A solid yet concise illustrated history of the Great War by a team of international scholars. Oxford has set the standard in illustrated histories, and this one doesn—t disappoint. Though hardly revisionist, some of the essays do offer fresh insights into the conflict. David Killingray analyzes the war’s impact on Africa, already balkanized by colonization from the great European powers. Though most Africans were spared the horrors of direct participation, African economies were still torn asunder, and hundreds of thousands died from famine. Editor Strachan (Modern History/Univ. of Glasgow, Scotland) argues in a later essay that, unlike other wars, WWI was financed almost entirely through credit, not taxes (this legacy wreaked havoc on postwar Weimar Germany). Another standout piece, by Gail Braybon, posits that historians have overemphasized WWI as the catalyst for moving women into the work force. In Europe, she claims, many of the women who worked during the war had already worked before 1914. What changed was their kind of service: non-farm women who were domestics or childcare workers traded in those low-wage jobs for industrial labor. In the anthology’s final essay, Modris Eksteins provides a poignant (though overly short and superficial) exploration of the Great War and historical memory. What remained for Europe after ten million were dead and twice that number mutilated? Throughout the continent, some postwar artists and writers tried to give voice to the suffering they had seen, while others abided by an unwritten code of silence. In more recent decades, the war has been washed with a kind of romanticism, as hordes of tourists descend on the now-parklike battlefields of the Somme and Verdun. Strachan has chosen wisely, and offers a well-conceived (if brief) introduction. In all, a worthwhile contribution to WWI literature. (16 pages color, 140 b&w illustrations, 7 maps, not seen)

Pub Date: Jan. 1, 1999

ISBN: 0-19-820614-3

Page Count: 340

Publisher: Oxford Univ.

Review Posted Online: May 20, 2010

Kirkus Reviews Issue: Nov. 15, 1998

Did you like this book?

No Comments Yet

The author's youthfulness helps to assure the inevitable comparison with the Anne Frank diary although over and above the...


Elie Wiesel spent his early years in a small Transylvanian town as one of four children. 

He was the only one of the family to survive what Francois Maurois, in his introduction, calls the "human holocaust" of the persecution of the Jews, which began with the restrictions, the singularization of the yellow star, the enclosure within the ghetto, and went on to the mass deportations to the ovens of Auschwitz and Buchenwald. There are unforgettable and horrifying scenes here in this spare and sombre memoir of this experience of the hanging of a child, of his first farewell with his father who leaves him an inheritance of a knife and a spoon, and of his last goodbye at Buchenwald his father's corpse is already cold let alone the long months of survival under unconscionable conditions.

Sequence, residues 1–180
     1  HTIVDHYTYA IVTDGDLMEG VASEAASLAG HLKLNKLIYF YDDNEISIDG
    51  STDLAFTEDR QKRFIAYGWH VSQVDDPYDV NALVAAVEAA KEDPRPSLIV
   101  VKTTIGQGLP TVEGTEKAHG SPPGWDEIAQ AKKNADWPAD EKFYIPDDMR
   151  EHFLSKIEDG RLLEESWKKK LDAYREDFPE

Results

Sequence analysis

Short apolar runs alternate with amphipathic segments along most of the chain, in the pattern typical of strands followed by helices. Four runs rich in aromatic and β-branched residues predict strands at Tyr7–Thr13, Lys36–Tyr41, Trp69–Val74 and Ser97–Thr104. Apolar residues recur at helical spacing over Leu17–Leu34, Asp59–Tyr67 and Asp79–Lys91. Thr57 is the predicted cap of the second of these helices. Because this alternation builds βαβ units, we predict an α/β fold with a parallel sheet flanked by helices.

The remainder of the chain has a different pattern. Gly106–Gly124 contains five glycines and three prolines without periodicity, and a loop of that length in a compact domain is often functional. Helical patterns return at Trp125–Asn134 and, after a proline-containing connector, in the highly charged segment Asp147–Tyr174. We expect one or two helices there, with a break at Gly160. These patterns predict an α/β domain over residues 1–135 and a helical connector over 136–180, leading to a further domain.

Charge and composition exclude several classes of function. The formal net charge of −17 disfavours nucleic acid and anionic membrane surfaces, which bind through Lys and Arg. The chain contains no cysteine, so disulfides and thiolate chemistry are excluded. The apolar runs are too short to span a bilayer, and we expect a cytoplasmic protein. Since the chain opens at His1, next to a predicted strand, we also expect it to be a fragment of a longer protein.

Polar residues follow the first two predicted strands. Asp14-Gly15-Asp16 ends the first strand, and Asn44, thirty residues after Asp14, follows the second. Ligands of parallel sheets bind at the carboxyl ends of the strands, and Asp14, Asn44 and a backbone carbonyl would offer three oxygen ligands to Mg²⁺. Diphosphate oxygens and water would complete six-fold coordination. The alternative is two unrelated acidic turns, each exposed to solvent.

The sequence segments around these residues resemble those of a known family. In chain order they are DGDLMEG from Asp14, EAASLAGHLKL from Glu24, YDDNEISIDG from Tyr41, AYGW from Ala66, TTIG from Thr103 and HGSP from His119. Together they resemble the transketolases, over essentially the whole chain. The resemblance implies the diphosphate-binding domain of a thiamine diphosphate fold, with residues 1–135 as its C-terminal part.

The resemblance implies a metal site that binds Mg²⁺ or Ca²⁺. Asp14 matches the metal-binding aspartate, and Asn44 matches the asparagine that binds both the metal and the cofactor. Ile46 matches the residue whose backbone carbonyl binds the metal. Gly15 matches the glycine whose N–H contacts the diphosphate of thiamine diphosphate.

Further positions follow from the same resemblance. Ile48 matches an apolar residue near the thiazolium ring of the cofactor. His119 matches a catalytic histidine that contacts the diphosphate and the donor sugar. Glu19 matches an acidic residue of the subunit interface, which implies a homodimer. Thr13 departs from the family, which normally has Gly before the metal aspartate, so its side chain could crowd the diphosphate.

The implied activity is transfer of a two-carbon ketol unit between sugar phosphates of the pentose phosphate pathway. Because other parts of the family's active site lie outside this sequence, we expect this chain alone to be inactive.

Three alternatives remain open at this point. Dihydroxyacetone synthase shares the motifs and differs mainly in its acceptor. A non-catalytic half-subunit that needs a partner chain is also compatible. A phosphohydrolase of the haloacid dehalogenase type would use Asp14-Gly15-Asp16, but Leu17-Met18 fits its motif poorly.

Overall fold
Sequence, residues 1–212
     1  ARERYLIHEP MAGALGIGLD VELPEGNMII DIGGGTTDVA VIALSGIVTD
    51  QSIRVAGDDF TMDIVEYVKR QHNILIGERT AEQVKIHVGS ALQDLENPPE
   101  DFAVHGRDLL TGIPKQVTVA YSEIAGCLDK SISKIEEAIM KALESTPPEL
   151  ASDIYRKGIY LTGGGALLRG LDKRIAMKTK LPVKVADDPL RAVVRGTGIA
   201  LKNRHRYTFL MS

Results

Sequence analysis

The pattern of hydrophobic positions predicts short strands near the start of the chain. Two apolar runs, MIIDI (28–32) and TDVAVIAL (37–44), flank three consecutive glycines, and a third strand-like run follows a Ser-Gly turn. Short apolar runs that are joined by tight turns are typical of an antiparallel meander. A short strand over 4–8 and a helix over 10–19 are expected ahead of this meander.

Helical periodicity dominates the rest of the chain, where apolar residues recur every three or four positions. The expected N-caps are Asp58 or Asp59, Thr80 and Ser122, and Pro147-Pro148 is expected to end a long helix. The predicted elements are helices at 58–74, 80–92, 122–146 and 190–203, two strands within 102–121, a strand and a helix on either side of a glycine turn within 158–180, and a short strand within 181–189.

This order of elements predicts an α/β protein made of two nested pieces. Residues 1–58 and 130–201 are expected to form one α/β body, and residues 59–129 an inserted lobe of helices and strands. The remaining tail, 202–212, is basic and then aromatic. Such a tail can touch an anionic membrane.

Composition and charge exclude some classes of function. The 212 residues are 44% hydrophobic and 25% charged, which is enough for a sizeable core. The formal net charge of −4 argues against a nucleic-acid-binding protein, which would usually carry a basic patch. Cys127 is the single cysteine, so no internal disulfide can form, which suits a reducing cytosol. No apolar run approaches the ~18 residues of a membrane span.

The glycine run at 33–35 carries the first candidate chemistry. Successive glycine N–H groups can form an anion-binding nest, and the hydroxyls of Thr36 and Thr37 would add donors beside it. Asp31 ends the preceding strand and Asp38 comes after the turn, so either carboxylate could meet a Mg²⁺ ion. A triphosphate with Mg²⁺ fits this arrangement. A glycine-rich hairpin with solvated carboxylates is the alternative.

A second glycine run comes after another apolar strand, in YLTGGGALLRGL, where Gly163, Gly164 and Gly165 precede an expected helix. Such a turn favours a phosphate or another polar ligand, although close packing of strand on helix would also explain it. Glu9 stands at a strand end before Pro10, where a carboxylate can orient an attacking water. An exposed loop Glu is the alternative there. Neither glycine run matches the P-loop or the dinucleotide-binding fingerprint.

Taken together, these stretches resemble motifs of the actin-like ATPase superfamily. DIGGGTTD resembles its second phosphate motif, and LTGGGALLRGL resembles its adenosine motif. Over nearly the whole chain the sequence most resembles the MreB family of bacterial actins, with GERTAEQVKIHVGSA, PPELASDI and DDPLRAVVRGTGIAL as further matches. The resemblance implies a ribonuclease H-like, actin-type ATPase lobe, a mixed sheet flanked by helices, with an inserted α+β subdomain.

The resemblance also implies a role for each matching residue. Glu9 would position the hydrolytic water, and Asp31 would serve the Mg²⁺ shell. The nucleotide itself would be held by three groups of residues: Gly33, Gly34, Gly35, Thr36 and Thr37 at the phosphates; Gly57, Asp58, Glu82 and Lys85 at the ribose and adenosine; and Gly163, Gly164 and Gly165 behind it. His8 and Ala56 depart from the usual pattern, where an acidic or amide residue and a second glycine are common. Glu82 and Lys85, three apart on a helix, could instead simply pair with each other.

The author's youthfulness helps to assure the inevitable comparison with the Anne Frank diary although over and above the sphere of suffering shared, and in this case extended to the death march itself, there is no spiritual or emotional legacy here to offset any reader reluctance.

Pub Date: Jan. 16, 2006

ISBN: 0374500010

Page Count: 120

Publisher: Hill & Wang

Review Posted Online: Oct. 7, 2011

Kirkus Reviews Issue: Jan. 15, 2006

Did you like this book?


For Howard Zinn, long-time civil rights and anti-war activist, history and ideology have a lot in common. Since he thinks that everything is in someone's interest, the historian—Zinn posits—has to figure out whose interests he or she is defining/defending/reconstructing (hence one of his previous books, The Politics of History). Zinn has no doubts about where he stands in this "people's history": "it is a history disrespectful of governments and respectful of people's movements of resistance." So what we get here, instead of the usual survey of wars, presidents, and institutions, is a survey of the usual rebellions, strikes, and protest movements. Zinn starts out by depicting the arrival of Columbus in North America from the standpoint of the Indians (which amounts to their standpoint as constructed from the observations of the Europeans); and, after easily establishing the cultural disharmony that ensued, he goes on to the importation of slaves into the colonies. Add the laborers and indentured servants that followed, plus women and later immigrants, and you have Zinn's amorphous constituency. To hear Zinn tell it, all anyone did in America at any time was to oppress or be oppressed; and so he obscures as much as his hated mainstream historical foes do—only in Zinn's case there is that absurd presumption that virtually everything that came to pass was the work of ruling-class planning: this amounts to one great indictment for conspiracy. Despite surface similarities, this is not a social history, since we get no sense of the fabric of life. Instead of negating the one-sided histories he detests, Zinn has merely reversed the image; the distortion remains.

Pub Date: Jan. 1, 1979

ISBN: 0061965588

Page Count: 772

Publisher: Harper & Row

Review Posted Online: May 26, 2012

Kirkus Reviews Issue: Jan. 1, 1979

Did you like this book?